Africans in East Anglia, 1467-1833


Thank you for taking the time to answer some questions about your newly published book Africans in East Anglia, 1467-1833. To begin with, can you please give us a brief overview of your book?

The book examines the history of people of African heritage (defined as being people who originated from, or whose ancestors originated from, any location in the continent) who lived in Norfolk and Suffolk (East Anglia) in the early modern period. 

In the book I think about three central issues. Firstly, I try to uncover how, where, and when did people of African descent arrive in rural counties like Norfolk and Suffolk during the early modern period. Secondly, I try to discover what the lives of these Africans living in provincial England were like. Finally, I try to assess how these Africans were perceived by their contemporaries. 

The book covers a period of nearly four centuries, from the late 1400s to the early nineteenth century. I have tried to uncover the historical experience of these Africans by looking at the interaction of local custom, class structure, tradition, memory, and the gradual impact of the Atlantic slaving economy. My suggestion is that in the early period, from 1467 to around 1640, the initial regional response to arriving Africans was not defined by ideas relating to skin colour. Rather the response was dominated by local understandings of religious status, class position, ideas about freedom and bondage, the fact that East Anglia was a mobile society, used to interactions with foreigners, and by the immediate local circumstances in which an African was encountered. The evidence I have unearthed shows that arriving Africans were able to join the region’s working population through baptism, marriage, parenthood, and work.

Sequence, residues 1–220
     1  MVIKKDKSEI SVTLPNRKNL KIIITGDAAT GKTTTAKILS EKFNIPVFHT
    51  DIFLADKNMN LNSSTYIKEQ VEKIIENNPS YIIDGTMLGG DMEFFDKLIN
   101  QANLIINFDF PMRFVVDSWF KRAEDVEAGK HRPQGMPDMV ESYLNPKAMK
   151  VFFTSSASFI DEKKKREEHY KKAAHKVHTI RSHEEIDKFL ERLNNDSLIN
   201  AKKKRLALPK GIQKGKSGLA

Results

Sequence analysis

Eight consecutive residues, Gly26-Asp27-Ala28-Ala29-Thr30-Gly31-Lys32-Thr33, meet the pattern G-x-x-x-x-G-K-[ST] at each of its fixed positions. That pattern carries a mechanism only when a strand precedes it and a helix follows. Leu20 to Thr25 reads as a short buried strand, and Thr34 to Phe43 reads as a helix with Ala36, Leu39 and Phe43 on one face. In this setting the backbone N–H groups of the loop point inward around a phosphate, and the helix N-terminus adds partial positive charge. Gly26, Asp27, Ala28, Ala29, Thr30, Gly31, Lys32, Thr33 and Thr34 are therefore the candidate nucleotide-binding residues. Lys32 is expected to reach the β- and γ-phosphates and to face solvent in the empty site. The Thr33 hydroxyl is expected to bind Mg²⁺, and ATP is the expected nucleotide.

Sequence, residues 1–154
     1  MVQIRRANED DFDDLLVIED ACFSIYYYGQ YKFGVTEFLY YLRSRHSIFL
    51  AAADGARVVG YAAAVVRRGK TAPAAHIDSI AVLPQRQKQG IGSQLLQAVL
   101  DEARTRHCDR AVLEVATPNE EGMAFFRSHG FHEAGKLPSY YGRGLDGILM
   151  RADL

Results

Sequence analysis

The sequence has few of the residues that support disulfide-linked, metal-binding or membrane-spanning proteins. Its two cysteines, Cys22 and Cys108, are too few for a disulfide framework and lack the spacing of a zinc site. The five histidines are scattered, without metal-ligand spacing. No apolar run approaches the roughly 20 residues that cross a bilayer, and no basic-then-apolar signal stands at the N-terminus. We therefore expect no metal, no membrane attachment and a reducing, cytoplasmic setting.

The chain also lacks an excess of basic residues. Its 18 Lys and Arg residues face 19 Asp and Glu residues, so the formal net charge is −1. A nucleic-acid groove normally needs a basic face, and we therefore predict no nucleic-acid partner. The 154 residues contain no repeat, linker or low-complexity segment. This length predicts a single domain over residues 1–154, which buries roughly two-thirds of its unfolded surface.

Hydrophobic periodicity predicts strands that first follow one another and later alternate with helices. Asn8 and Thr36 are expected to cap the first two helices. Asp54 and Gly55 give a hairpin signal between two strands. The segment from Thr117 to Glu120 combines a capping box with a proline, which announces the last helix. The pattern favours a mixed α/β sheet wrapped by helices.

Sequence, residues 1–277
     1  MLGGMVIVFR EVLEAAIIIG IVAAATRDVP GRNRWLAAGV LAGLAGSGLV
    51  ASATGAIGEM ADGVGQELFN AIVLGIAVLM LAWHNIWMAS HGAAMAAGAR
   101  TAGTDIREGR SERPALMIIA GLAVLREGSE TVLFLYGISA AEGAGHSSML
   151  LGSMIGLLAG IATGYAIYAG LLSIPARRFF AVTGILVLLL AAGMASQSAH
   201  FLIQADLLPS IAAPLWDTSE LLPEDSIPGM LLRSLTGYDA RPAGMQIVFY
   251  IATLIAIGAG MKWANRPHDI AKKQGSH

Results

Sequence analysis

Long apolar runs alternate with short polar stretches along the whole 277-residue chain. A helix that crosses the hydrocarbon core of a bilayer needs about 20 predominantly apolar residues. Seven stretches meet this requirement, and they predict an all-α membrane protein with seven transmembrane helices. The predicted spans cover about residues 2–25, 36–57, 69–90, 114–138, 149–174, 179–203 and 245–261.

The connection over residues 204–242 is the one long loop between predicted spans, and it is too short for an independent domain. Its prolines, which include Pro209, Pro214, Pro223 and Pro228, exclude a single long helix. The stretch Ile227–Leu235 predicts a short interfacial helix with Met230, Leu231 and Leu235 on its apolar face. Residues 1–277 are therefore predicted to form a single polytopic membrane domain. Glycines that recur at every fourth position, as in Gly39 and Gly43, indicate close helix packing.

After this, I look at the period from the mid-seventeenth century onwards and suggest that the growing interaction of the region’s merchants and gentry with the North American and Caribbean colonies from that period onwards became important. I explore the growth of plantation ownership in the region and the region’s involvement in the transatlantic economy. Having looked at these data and examined the data about the region’s African population in this period, I suggest that the initial manner of responding to Africans was gradually altered as local merchants and gentry begin doing business with the burgeoning slaving economy. These interactions seem to have allowed the negative racial ideas that were developed to underpin Atlantic slavery in the colonies to seep into local culture. Over time, this process subtly changed the social circumstances of Africans in the region. 

Nonetheless, my argument is that these negative ideas did not completely displace the older, more inclusive, ideas, especially among the working poor. African migrants and their descendants continued to become part of working-class communities throughout the period. These proposals are supported by a wealth of material about the lives of hundreds of Africans who lived in East Anglia during the period, which I provide both in the text itself and in appendices at the end of the book.

Africans in East Anglia, 1467-1833


£65.00 / $99.00,
August 2021
Studies in Early Modern Cultural, Political and Social History
Boydell Press



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Richard C. Maguire is Honorary Senior Lecturer in the School of History at the University of East Anglia, Norwich.